• Along the same lines, an evening or nighttime watering schedule allows the grass to stay wet for longer, which can encourage disease.
  • Watering during the heat of the day means that a significant amount of the water could evaporate before it has a chance to reach the grass’ root systems.

Another important aspect of your watering schedule is the frequency. Regardless of the grass variety that you have planted, it’ll do best with irrigation that’s heavy enough to reach the roots several inches into the soil. Since each watering should ideally be pretty heavy, you should only do it once or twice per week. This encourages the grass to tolerate drought better, as well as helping it grow deeper roots.

Aerate at least once a year

In order for grass to be healthy, the roots need water, and…air? That’s right – your lawn probably could use some extra help in getting the air it needs. Over time, the soil will become compacted, and there will be a buildup of thatch. These two things make it harder for the roots to get enough oxygen, resulting in less vigorous growth.

Aerating is a process in which holes are punched a few inches into the soil using a special machine, which loosens the dirt and breaks up the thatch. However, this has to be done under the right conditions. If you pass an aerator over hard, dry soil, it won’t be able to penetrate as deeply as it should. Spring or fall tend to present the best conditions for aerating a lawn, but it can also be done during the summer as long as you give the lawn a deep watering beforehand. Winter isn’t a great time to aerate a lawn, because the grass needs to be growing when this is done.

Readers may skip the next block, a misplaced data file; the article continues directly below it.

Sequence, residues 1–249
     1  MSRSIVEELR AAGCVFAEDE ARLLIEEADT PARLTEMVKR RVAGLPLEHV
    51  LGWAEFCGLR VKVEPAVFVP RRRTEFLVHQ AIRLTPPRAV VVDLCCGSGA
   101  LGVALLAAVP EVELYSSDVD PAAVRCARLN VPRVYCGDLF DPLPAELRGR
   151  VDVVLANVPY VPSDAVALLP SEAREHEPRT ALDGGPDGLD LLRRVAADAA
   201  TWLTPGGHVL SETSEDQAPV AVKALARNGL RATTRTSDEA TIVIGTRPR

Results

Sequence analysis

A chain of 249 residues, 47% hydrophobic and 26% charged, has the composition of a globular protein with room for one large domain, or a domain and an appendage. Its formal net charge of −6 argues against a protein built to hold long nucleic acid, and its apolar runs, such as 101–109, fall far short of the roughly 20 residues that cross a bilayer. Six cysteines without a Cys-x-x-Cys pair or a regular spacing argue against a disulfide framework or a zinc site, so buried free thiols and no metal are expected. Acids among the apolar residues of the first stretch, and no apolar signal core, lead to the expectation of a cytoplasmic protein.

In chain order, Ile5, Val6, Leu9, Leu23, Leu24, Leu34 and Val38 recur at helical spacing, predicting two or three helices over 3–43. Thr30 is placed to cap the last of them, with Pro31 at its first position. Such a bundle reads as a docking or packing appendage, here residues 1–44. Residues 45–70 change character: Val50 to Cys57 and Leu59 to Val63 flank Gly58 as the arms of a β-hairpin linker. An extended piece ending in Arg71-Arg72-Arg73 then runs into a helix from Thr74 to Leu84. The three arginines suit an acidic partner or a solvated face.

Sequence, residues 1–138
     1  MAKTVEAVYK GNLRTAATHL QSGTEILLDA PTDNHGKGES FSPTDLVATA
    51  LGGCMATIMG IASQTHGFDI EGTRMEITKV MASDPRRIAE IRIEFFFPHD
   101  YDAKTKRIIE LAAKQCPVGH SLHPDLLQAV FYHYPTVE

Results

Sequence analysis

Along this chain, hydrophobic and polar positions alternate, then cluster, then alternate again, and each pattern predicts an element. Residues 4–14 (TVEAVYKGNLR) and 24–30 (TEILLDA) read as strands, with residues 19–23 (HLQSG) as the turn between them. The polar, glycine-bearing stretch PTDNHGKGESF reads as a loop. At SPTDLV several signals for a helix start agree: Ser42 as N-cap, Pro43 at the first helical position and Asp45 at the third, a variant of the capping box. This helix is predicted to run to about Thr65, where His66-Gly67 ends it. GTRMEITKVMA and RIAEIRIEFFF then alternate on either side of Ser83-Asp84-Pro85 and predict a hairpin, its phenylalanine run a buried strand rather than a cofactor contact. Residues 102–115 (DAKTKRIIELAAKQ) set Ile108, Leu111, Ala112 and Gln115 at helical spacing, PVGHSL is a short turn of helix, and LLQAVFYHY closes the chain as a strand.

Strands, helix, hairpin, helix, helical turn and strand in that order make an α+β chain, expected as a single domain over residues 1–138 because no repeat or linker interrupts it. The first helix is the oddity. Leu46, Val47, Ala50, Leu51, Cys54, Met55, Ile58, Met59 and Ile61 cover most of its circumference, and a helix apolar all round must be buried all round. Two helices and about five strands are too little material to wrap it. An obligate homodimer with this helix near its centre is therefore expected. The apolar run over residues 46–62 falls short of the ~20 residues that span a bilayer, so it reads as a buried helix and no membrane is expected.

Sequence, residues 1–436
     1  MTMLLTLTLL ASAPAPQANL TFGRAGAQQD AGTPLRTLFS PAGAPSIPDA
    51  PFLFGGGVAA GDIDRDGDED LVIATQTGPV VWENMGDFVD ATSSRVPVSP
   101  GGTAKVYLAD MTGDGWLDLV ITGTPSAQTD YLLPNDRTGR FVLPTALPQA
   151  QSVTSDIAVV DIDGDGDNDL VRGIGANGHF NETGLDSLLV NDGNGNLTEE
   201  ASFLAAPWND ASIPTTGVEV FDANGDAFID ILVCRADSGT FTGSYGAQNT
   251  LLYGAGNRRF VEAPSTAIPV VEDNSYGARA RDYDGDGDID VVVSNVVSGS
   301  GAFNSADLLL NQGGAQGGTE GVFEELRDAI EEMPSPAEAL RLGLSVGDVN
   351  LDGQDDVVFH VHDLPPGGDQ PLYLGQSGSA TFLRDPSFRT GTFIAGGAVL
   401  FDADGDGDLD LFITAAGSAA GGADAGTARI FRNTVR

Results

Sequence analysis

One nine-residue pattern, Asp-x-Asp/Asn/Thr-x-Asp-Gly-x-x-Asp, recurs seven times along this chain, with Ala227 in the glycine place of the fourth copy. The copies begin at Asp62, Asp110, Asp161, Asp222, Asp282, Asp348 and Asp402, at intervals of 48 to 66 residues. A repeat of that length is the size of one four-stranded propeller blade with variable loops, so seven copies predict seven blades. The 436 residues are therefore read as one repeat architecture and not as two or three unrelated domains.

Fertilize your lawn

Any plant or crop that grows in the same soil year after year will need fertilizer at some point; it’s just common sense. It takes nutrients to grow something from the soil, so at some point those nutrients will have to be replaced to keep your grass green and growing. Of course, it does help if you let the grass clippings compost into the ground every time you mow the lawn, but occasional fertilization will probably be necessary too.